How many of us have been part of organizations that feel a sense of accomplishment and relevance once they finally publish or update their website? How many of us have experienced that joy in the past five years?
If the internet were a sport, finishing or updating your web site would feel like winning the championship. Put the champagne bottles away, though. In reality, having a basic web site is more like making it into the last playoff spot by the skin of your teeth.
Put another way, if you think having a web site alone is going to take your church, school, or organization from bottom to international acclaim, it’s time to put away your mixed CD, throw away your 4XL white T-shirts, and join us in 2015.
We all know about social media platforms such as Facebook, Twitter, and Instagram. However, how often do we think about how our audience will consume our digital content? Will they be at home, at school or in a library? Will they have access to high-speed internet? Will they use a computer, a phone, or a tablet?
This last question is becoming increasingly critical in our day and age. According to Aaron Smith of the Pew Research Center American adults are becoming increasingly dependent on mobile devices to access the internet. Consider these statistics and facts from his article:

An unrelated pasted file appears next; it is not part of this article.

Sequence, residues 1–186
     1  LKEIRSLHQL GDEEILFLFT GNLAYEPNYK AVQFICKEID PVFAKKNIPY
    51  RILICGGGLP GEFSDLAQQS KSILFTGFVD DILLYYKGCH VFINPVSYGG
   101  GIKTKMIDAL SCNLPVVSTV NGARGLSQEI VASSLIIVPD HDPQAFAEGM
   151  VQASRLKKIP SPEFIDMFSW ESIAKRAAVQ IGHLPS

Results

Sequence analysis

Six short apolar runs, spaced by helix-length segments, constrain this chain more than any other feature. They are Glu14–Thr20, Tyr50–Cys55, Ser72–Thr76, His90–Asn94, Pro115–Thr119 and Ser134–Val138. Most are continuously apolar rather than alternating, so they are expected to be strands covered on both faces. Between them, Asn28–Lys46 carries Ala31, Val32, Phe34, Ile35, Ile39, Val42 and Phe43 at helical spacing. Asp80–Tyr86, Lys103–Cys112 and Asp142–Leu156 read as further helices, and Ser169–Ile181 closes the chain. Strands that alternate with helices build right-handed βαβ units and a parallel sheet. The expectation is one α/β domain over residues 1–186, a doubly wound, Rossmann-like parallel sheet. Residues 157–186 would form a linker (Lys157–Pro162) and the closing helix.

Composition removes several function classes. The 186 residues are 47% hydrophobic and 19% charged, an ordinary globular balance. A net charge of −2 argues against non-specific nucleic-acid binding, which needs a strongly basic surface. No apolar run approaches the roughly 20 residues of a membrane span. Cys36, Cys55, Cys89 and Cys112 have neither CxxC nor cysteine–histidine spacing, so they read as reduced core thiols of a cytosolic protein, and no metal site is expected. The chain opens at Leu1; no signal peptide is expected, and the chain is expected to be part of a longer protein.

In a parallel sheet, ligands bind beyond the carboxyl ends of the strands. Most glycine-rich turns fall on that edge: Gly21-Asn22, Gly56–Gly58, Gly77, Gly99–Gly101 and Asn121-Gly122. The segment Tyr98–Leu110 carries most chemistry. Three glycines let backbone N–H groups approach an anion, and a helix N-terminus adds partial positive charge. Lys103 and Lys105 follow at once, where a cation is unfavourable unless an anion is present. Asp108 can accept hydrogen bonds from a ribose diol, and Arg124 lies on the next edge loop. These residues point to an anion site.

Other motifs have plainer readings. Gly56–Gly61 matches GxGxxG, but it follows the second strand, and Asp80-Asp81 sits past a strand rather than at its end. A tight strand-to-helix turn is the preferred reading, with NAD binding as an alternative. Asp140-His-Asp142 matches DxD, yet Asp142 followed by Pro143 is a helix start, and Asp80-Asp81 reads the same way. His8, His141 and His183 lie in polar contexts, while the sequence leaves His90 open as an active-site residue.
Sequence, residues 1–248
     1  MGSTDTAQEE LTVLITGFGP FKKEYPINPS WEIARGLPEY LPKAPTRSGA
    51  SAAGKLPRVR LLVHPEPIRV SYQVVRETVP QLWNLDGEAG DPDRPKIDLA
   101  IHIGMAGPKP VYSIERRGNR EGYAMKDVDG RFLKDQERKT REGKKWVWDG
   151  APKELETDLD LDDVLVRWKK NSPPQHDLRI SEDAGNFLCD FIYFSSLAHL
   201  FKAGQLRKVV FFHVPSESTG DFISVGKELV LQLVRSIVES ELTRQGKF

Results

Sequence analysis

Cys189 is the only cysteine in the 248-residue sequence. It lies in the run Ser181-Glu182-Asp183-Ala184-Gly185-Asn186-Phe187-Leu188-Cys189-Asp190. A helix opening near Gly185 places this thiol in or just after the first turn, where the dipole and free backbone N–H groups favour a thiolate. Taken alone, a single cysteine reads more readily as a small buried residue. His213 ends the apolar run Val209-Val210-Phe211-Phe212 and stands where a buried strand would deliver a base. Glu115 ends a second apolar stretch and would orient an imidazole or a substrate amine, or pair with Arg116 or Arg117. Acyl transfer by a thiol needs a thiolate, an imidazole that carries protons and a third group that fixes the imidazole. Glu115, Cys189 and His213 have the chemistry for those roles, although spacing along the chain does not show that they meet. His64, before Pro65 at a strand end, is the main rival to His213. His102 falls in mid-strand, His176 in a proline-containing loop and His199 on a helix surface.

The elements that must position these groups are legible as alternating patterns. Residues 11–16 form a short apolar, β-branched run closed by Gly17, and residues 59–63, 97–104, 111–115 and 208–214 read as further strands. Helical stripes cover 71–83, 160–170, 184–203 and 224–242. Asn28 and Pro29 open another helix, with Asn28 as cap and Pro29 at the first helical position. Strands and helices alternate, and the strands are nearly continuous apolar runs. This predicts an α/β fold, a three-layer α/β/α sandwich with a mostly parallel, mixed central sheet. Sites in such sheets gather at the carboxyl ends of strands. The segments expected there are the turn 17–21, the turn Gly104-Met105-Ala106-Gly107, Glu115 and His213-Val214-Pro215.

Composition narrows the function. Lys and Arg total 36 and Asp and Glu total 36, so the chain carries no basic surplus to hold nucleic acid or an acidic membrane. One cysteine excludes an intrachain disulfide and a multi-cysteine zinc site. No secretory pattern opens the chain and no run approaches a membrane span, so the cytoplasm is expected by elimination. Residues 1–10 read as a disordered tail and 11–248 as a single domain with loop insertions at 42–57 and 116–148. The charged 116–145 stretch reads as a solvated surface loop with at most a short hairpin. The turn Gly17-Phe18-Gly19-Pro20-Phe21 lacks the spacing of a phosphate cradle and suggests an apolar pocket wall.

- 10% of Americans have a smart phone but no broadband (high speed) internet at home
- 7% have no easy option for accessing the internet other than their phone
- 64% of Americans own smart phones
- 15% of Americans age 18 – 29 depend on their phones for internet access
- 13% of Americans with an annual household income below 30,000 depend on smart phones for internet access. That number is only 1% for those earning more than $75,000
- 12% of African Americans and 13% of Latinos rely on their phone for internet access, compared to 4% of whites
Individuals who are phone-dependent are also more likely to have to cancel their phone service due to financial hardship, and are also more likely to reach their phone plan’s data limits.
I won’t give every statistic here – you really should go read the report, which I linked to above. It has a wealth of information that is useful for anyone who works with populations that contain humans living in the 21st Century (translation: YOU).
- One other group of stats that I do want to highlight deals with how people use their phones:
- 62% of smartphone owners have used their phone in the past year to look up information about a health condition.
- 57% have used their phone to do online banking.
- 44% have used their phone to look up real estate listings or other information about a place to live.
- 43% to look up information about a job.
- 40% to look up government services or information.
- 30% to take a class or get educational content.
- 18% to submit a job application.
- 68% of smartphone owners use their phone at least occasionally to follow along with breaking news events, with 33% saying that they do this “frequently.”
- 67% use their phone to share pictures, videos, or commentary about events happening in their community, with 35% doing so frequently.
- 56% use their phone at least occasionally to learn about community events or activities, with 18% doing this “frequently.”